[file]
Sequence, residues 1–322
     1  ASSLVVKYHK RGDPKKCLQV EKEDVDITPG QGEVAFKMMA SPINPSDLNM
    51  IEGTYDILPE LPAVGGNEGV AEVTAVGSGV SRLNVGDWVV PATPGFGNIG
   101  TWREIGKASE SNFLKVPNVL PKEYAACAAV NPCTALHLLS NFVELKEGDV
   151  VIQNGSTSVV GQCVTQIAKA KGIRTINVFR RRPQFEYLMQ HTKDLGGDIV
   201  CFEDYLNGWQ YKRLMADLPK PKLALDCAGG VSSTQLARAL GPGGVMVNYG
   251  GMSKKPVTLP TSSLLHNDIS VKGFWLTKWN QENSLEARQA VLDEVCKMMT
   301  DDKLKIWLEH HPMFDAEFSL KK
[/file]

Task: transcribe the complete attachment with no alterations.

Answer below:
Sequence, residues 1–322
     1  ASSLVVKYHK RGDPKKCLQV EKEDVDITPG QGEVAFKMMA SPINPSDLNM
    51  IEGTYDILPE LPAVGGNEGV AEVTAVGSGV SRLNVGDWVV PATPGFGNIG
   101  TWREIGKASE SNFLKVPNVL PKEYAACAAV NPCTALHLLS NFVELKEGDV
   151  VIQNGSTSVV GQCVTQIAKA KGIRTINVFR RRPQFEYLMQ HTKDLGGDIV
   201  CFEDYLNGWQ YKRLMADLPK PKLALDCAGG VSSTQLARAL GPGGVMVNYG
   251  GMSKKPVTLP TSSLLHNDIS VKGFWLTKWN QENSLEARQA VLDEVCKMMT
   301  DDKLKIWLEH HPMFDAEFSL KK